Monday, May 28, 2018

Who's Talking?

Q: What’s the hardest thing you deal with in your books related to storytelling with one or more points of view?

- from Susan


When I started the first book in my first series, it was third person point of view: “she said,” “she thought;” but I felt I was too far away from Dani O’Rourke to get inside her head and to know her as a person. So, I began again in the first person – I told the story from her perspective. It gave me a lot more room for expressing her emotions, but it meant I could only share what she knew either from direct witness or from conversations she was part of. It required a bit of plot juggling, but I got the hang of it.





Three books later, I began a different series and decided I had to be more agile and creative in using the third person because I wanted to tell those stories from multiple direct perspectives – an American expat’s view of her adopted town in France, and someone who had lived there all her life. They were bound to see and understand the dynamics differently. I used what we call “close third person” for both characters, and tried to keep them engaged with other people and each other. I think it worked pretty well. In the second book, the recently released DRESSED FOR DEATH IN BURGUNDY, there are two POVs again, but the second one is a different person because she is central to this specific story.


Recently, I read a multiple award-winning novel that might be termed a family saga. The story is told in close third from a handful of points of view, sometimes in close narrative proximity. I had no problem with the switching voices, probably because she’s a good writer, but was surprised when I re-read the book to see how she pulled it off.  She sometimes threw in a change of POV right in the middle of a paragraph! That’s a no-no in the writing classes and advice books but I think the story just propelled readers right past it.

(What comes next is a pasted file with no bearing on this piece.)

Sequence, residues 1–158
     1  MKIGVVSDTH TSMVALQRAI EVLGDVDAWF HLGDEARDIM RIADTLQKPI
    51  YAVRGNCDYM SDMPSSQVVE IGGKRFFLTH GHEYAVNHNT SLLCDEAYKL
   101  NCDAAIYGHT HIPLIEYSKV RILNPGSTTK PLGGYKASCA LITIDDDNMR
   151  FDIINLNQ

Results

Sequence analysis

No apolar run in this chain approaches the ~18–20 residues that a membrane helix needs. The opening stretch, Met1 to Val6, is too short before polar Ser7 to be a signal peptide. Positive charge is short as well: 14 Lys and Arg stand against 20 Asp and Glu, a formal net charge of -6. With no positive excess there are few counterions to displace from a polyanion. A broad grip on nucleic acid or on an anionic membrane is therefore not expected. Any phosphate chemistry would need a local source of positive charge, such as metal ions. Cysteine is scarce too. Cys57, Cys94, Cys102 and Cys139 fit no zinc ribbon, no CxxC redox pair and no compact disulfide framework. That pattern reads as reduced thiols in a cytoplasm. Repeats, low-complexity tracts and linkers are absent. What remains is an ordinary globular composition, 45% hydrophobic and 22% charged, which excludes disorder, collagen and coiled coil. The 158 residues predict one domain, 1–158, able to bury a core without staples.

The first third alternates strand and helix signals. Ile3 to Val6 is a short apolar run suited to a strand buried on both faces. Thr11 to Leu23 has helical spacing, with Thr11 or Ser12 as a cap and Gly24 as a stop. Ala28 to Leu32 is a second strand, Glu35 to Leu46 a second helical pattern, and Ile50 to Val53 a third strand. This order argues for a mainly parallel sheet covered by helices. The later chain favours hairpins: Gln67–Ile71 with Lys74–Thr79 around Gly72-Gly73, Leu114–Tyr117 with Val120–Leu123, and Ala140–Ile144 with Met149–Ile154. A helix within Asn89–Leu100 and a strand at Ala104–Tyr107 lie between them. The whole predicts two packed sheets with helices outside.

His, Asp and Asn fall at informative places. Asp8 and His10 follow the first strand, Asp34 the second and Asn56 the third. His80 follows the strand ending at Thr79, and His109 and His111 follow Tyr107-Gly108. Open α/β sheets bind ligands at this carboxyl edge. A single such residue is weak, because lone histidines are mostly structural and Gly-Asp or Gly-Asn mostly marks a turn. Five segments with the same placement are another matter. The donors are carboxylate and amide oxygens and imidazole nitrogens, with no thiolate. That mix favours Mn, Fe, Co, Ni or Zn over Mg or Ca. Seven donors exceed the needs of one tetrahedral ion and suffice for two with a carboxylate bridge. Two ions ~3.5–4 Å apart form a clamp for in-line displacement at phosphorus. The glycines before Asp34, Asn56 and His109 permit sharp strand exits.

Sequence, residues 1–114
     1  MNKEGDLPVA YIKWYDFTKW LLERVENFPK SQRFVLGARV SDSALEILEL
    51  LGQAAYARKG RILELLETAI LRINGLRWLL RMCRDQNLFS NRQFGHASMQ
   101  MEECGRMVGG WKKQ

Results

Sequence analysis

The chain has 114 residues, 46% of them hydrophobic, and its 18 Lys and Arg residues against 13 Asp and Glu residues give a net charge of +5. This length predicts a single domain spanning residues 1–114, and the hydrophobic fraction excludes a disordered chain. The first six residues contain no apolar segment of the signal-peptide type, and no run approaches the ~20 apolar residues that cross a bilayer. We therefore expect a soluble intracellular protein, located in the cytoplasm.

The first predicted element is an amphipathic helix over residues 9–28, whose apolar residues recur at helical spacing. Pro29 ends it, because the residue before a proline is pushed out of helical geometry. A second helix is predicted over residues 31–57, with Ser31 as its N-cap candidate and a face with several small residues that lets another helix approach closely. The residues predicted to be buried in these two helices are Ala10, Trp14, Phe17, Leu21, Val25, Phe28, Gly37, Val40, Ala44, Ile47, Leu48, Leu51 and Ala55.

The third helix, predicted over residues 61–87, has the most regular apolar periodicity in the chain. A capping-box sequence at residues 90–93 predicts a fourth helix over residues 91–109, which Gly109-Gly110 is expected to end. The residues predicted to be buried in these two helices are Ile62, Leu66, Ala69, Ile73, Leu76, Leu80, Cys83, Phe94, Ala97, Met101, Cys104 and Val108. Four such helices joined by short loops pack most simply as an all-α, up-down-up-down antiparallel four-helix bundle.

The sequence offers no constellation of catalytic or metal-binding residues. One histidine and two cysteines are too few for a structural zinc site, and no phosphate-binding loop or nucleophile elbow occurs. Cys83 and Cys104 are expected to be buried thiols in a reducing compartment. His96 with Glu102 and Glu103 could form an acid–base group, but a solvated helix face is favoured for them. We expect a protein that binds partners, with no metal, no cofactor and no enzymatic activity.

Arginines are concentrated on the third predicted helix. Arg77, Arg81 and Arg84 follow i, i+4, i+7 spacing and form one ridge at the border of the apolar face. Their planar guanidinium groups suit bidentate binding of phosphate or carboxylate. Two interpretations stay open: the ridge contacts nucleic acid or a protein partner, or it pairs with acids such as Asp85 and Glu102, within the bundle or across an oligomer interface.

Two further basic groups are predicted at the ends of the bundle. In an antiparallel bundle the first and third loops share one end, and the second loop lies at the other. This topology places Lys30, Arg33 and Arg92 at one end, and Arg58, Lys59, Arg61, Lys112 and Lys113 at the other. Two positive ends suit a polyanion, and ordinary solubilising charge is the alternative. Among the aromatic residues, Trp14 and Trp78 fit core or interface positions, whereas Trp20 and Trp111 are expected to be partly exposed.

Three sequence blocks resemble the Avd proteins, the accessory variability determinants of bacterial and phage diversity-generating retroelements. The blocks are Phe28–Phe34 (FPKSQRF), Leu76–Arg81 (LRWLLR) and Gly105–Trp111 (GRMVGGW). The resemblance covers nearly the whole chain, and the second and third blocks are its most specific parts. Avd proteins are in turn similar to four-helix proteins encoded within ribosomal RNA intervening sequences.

I’m now experimenting, hoping I can take some liberties with the ‘rules’ on a stand-alone novel, suspecting that if my editors balk it will be because I haven’t done a good enough job of making these switches seem natural. Rules are fine and to be respected, but I get twitchy when they become brakes rather than guidelines. 


 A bit of promotion: All five of my mysteries are in print and available in print and ebook. The Dani O'Rourke Mysteries are: Murder in the Abstract, The King's Jar, and Mixed Up with Murder. The first French village mystery is Love & Death in Burgundy. Several of my books are also available as audio books if you like to 'read' that way!

3 comments:

RM Greenaway said...

Hi Susan - I've always used third person in my novels, but didn't know there was a distinction of "close" third person. Good to know!

re award-winning rule breakers: Louise Penny switches POV in the middle of a section - not sure about paragraph! - and it's kind of nice to see those rules being broken at times and it not mattering a bit.

Which of your books are available on audio?

lisa ciarfella said...

Hey Susan,

Great post here!
I started my first novel draft in class in 3rd person because I wanted to be able to do more than just tell from my protagonists pov...I wanted to jump around and like you, go where I needed to go with the story. Felt like 1st. person was too limited. But when I workshopped it in class everyone was like, "change it to first...it will be way better."

So I started over, in first. It was ok, but felt super-limiting for where i wanted to take it. I also started getting so confused, and eventually got so stuck that I couldn't move forward, backward, or sideways with it!

I'm finally back to it now and going back to my original game plan. It's def. tricky to write in multiple pov, but if i can pull it off, it'll be great. Gotta go with my gut here!

Lisa Ciarfella said...

Oh, James Lee Burke switches mid-chapter, sometimes between paragraphs too. And he does it seamlesslly!